It’s late I know, but I just finished watching the television series 13 Reasons Why and I felt the need to express why this series is so important to watch. Now, this is going to have spoilers of some kind, but I’ll try my hardest not to do so.
13 Reasons Why is a series that revolves around several extremely dark and mostly unspoken themes, including suicide, death, self-harm, sexual assault and physical violence. So why am I speaking so highly of a television series that seems to surround itself with such negativity?
Therefore, here are thirteen reasons why you should watch the 13 Reasons Why series:
- You get to see the point of view of a victim who has suffered from situations and events, that ultimately leads to a drastic decision. You witness these accounts in a manner that makes yourself feel as though you are there. You don’t miss out on anything.
- Going on from number 1, you don’t miss out on anything. The series is extremely graphic, you see each event from the very start to the end, by doing this you are left speechless, shocked, and sickened. That’s what those vivid and realistic scenes are meant to make you feel. If those scenes weren’t in such detail, the trauma the characters go through would be tremendously dismissed by the viewers. You gain an understanding, and you see what victims go through.
- It gives those who are of older generations a glimpse of what being a teenager is like in the digital age. The world of social media and the internet wasn’t around when older people where in school, so they are given an insight on how one photo was taken out of context, can affect someone’s life. By providing this insight to older generations allows them to pick up on how issues that are considered small to them may be enormous problems for younger people.
- Shows the aftermath of suicide, and how the act can damage loved ones. The series doesn’t allow suicide to be sweet, unpainful, and easy, it displays the rawness instead of downplaying the event.
- Displays how many people struggle with not being able to pinpoint or put into words emotions that are being felt, and how that impacts an individual. Likewise, how many young people are unable to acknowledge their feelings and how that can lead to emotions going unnoticed.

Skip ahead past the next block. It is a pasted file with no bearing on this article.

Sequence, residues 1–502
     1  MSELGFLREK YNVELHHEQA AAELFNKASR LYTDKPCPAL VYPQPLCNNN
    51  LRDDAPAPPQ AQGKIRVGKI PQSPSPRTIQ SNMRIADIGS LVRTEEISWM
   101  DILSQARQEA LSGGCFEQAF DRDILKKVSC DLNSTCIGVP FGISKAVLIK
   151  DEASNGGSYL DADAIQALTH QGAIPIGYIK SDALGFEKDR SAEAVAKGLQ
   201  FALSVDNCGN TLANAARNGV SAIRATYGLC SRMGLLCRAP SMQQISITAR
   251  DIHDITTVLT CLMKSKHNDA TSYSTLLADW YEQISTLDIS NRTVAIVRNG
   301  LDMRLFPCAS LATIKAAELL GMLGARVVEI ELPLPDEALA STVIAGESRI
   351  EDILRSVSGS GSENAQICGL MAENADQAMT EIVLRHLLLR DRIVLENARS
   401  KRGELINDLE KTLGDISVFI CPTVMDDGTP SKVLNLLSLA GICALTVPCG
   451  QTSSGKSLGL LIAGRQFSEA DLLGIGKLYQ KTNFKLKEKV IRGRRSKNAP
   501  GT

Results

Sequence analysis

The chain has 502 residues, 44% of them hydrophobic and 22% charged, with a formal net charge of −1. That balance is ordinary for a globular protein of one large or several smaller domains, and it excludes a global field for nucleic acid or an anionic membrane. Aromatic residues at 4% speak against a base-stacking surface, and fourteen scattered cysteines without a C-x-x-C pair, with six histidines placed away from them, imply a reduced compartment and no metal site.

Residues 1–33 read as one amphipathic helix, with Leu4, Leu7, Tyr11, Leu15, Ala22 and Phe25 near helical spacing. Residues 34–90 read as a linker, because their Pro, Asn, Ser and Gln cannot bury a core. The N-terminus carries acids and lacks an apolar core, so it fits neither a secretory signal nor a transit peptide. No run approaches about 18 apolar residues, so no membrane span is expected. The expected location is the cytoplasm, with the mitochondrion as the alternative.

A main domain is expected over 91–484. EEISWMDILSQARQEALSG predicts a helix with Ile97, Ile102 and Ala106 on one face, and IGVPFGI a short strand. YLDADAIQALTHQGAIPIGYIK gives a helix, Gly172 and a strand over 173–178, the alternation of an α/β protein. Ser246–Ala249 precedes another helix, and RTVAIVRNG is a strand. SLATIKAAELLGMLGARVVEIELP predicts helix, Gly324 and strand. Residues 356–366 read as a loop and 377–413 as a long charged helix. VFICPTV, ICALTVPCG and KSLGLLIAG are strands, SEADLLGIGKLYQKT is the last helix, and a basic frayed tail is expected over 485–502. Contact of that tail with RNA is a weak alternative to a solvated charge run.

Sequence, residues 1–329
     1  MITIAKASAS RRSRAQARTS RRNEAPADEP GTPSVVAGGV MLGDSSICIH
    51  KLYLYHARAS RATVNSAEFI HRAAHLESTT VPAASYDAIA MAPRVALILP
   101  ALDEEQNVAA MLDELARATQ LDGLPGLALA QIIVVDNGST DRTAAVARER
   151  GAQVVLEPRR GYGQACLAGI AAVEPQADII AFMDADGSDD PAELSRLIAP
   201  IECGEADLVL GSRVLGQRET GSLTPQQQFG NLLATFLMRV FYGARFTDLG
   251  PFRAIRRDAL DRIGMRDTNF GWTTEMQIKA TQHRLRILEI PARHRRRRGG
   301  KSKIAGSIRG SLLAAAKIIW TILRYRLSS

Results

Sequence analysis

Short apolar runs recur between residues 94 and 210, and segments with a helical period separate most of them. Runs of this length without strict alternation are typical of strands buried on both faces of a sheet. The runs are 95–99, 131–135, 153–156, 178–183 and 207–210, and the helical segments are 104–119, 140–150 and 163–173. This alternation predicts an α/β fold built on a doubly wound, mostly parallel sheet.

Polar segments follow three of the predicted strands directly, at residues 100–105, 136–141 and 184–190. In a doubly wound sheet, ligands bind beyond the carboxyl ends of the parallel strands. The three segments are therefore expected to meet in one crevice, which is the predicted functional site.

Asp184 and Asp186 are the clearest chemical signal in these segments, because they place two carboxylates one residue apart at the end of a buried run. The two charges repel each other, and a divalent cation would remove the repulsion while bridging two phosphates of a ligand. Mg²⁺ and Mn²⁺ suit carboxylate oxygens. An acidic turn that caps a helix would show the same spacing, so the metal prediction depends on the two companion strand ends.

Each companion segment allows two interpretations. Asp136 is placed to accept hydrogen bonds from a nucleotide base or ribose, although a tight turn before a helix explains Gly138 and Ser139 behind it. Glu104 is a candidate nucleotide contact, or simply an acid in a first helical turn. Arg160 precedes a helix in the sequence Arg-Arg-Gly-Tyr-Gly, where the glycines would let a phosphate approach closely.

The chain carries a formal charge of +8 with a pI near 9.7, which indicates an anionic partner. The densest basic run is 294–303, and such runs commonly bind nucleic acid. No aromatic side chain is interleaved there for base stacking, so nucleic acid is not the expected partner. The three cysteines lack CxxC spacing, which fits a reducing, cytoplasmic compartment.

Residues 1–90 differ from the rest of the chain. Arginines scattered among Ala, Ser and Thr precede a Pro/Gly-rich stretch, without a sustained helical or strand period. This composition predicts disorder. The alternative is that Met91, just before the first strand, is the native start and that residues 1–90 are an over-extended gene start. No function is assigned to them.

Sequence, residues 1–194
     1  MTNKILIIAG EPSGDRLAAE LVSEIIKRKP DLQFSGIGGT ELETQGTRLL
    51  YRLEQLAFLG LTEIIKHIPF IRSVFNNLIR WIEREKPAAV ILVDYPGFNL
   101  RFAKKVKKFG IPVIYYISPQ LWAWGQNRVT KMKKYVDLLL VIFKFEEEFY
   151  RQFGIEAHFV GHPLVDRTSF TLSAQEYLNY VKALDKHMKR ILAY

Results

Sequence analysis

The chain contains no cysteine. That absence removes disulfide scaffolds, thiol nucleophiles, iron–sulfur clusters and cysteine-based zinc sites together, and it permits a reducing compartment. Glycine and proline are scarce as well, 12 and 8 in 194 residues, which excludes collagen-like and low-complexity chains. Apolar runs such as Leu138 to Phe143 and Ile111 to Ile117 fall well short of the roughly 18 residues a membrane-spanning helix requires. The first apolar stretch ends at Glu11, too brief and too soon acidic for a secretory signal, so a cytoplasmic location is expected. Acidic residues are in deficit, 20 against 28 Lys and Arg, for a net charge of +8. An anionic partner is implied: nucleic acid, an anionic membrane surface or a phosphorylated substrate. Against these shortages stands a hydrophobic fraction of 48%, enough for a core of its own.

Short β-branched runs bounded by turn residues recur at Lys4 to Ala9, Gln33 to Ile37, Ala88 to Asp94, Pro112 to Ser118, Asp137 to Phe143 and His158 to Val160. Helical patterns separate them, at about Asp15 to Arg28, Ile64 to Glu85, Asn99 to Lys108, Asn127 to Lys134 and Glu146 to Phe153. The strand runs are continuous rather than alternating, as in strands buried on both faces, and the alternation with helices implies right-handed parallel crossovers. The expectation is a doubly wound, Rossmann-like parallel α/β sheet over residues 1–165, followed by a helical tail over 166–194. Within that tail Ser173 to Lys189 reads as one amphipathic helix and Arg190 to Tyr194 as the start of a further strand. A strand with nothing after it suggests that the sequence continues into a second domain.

- Presents the lack of education surrounding mental illness, bullying, asking for permission and dealing with grief among young people.
- Viewers see how easily a girl can be quickly considered an object instead of a human. ‘Slut-shaming’ is evident in the series, and shows that once it begins, it allows other people to continue with the harassment. The idea and pressure of being perfect and attractive are so prominent in the young girl’s lives, that once it is too much admiration or self-love it allows for others to slut shame them for no other reason required.
- Shows the amount of strength a survivor has of a distressing and traumatic, but also how damaging it is and why many people fear the ‘victim shaming that follows when speaking up.
- It sheds light on the fact that bullying is still prominent in the school environment and can also be not as public as others might think.
- That choosing not to say anything is dangerous whether that is noticing a behaviour of someone else or deciding to protect yourself.
- Displays how every sign that something isn’t right should be taken seriously before it develops into a grim situation.
- The smallest thing you do to someone affects them greatly, and if someone is experiencing multiple stresses and discomfort, it can snowball to a catastrophic consequence. The show allows the audience to view how multiple events and situations impacted one person, how one’s pain can be easily built up.
- It starts a conversation, makes us realise there is a problem, and it happens. It reminds us that there is always someone who will need help, which these types of events occur in real life, not just on a screen.